Reflections on an internship in TIME-BASED MEDIA at Auckland Art Gallery Toi o Tamāki

Posted on Tue, 04/23/2019 - 12:32
TIME-BASED MEDIA at Auckland Art Gallery Toi o Tamāki
TIME-BASED MEDIA at Auckland Art Gallery Toi o Tamāki

In 2015, the time-based media collections of the Auckland Art Gallery Toi o Tamāki were given a thorough survey by Marylyn Mayo Intern, Brooke Randall, who assessed nearly 300 items and developed protocols to ensure that these and future collections would be adequately cared for.

One of the main problems is the rapid obsolescence of different technologies, as well as over-use and storage conditions. Ensuring that the work operates as intended by the artist is also an issue. During her internship, Brooke was completing a Master of Cultural Materials Conservation at the University of Melbourne, but prior to that she was a practising artist working in sculpture with audio-visual and/or electronic components. Brooke is the third Mayo intern in conservation since the scheme was started. The Marylyn Mayo Internships at the Auckland Art Gallery are awarded every year and offer projects at an advanced level for a 6–9 week period. Winning an internship is a competitive process and projects are generated by different Gallery departments. 

Sarah Hillary, Principle Paintings Conservator at Auckland Art Gallery Toi o Tamāki, New Zealand, asked Brooke some questions about her internship:

At what stage were you able to formulate your approach to the project? My first task at Auckland Art Gallery was to scope the collection of time-based art. This involved searching the Gallery’s collection database and discussing specific artworks with registration, photography and conservation staff. Once a comprehensive list was established I was able to break down the collection into years (production and acquisition) and categories (analogue, digital, sculptural with an electronic component etc.). Once I fully grasped the extent of the collection I was able to formulate my approach to the project. This included developing documentation methodology and assessing individual artworks.

What were the most useful resources, in the literature and otherwise, for this process? I primarily relied upon online resources. ‘Media Matters’, formed by individuals from the New Art Trust, MoMA, SFMOMA and Tate, has produced seven condition report templates, each documenting a different form and/or constituent of time-based art. The International Association of Sound and Audiovisual Archives (IASA) provides useful information regarding ethics and principles; the International Network for the Conservation of Contemporary Art (INCCA) regarding artists’ interviews; and the Australian National Film and Sound Archive (NFSA) regarding magnetic media and film. Stuart Fuller, sculpture conservator at QAGOMA, was also kind enough to share documentation used by him and his team. Read more here:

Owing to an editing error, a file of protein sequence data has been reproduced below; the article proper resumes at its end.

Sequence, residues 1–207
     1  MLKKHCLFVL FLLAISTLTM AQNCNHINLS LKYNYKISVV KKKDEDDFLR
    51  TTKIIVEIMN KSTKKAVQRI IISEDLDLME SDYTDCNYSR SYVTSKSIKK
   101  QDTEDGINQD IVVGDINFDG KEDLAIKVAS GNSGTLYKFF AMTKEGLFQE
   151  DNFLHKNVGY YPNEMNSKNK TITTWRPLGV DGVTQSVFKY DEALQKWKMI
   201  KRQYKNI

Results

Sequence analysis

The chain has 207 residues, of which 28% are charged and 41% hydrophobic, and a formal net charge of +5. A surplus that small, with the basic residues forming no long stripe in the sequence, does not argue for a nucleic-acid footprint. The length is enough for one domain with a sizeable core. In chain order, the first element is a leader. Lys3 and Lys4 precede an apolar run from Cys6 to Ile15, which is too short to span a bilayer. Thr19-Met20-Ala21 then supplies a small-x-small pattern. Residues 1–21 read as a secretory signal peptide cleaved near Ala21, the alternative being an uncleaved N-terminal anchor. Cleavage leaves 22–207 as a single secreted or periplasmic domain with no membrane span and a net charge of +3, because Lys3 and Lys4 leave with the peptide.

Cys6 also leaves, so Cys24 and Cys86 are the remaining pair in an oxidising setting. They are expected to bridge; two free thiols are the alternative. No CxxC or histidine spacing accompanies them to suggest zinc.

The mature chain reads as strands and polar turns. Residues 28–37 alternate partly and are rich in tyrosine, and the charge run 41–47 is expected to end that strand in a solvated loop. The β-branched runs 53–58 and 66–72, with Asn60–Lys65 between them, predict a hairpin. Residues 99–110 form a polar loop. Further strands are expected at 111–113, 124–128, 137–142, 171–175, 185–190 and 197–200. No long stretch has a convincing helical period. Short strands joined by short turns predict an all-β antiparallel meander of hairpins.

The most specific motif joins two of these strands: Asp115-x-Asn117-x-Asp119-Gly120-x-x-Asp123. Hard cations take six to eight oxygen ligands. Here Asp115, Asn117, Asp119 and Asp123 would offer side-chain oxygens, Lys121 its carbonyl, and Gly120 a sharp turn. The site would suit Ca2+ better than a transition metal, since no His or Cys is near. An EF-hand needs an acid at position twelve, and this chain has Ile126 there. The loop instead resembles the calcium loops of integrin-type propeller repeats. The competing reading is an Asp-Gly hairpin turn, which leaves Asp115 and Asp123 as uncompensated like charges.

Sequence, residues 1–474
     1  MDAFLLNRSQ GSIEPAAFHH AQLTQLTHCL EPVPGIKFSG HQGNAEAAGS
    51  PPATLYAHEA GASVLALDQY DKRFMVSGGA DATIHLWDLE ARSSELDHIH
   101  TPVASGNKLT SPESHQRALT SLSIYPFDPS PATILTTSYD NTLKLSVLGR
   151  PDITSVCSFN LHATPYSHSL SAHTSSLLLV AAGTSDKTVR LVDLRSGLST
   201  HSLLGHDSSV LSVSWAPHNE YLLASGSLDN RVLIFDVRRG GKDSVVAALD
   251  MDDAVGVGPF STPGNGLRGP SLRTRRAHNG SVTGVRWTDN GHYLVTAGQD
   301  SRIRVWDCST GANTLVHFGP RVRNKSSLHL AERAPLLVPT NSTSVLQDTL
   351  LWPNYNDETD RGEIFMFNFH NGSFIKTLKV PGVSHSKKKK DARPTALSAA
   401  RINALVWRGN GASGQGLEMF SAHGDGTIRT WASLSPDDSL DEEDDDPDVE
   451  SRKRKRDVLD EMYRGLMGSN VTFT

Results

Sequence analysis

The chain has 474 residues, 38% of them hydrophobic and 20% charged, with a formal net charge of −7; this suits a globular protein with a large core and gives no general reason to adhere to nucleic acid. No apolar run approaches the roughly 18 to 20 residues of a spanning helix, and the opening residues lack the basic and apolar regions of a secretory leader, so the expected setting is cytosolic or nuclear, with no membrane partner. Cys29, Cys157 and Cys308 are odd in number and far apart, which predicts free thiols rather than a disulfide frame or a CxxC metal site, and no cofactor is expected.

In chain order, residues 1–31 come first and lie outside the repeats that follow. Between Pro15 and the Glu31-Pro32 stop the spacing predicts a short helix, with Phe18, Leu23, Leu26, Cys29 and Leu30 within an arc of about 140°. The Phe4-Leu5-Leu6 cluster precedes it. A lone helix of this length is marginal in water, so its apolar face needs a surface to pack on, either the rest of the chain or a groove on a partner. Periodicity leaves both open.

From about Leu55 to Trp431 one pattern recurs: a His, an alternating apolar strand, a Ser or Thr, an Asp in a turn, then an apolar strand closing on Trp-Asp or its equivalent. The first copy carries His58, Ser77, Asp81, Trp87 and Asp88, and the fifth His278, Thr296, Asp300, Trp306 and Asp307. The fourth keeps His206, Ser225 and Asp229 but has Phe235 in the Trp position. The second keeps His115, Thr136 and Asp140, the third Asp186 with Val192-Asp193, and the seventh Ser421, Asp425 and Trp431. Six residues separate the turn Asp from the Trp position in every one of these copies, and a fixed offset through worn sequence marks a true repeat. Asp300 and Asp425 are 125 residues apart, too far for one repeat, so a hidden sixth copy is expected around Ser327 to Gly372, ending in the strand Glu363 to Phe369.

What were the greatest challenges? The greatest challenge was by far the time frame. The Gallery cares for close to 300 time-based artworks. Each work required consideration in order to fully understand the challenges and risks facing the collection. It was also hard leaving the Gallery at the end of my internship. As with any project of this size there is still plenty of work to be done.

Would you have approached it differently in retrospect? Although I believe the project was successful, I would have liked to refine the documentation methodology developed in association with the registration, photography and conservation departments. I would have also liked to interview a number of artists, particularly those with multiple works in the collection.

It was a challenging project – do you think that it was a good choice for an advanced internship? Yes, definitely. We are at an important juncture in Australia – and in Australasia. If resources are not directed towards the conservation of time-based art many important works may be lost. If an institution does not have the resources to hire a conservator with a background in time-based art they may consider establishing an internship of this nature.

How would you characterise the colection? The Auckland Art Gallery and Chartwell Trust collections are primarily composed of sound and video work stored on analogue and/or digital media and small to large-scale sculptural work with an analogue, digital, electronic or light component. Like many institutions the Gallery has yet to acquire performance, computer or internet based artwork. When the Gallery chooses to collect such work the acquisition and conservation process will require modification.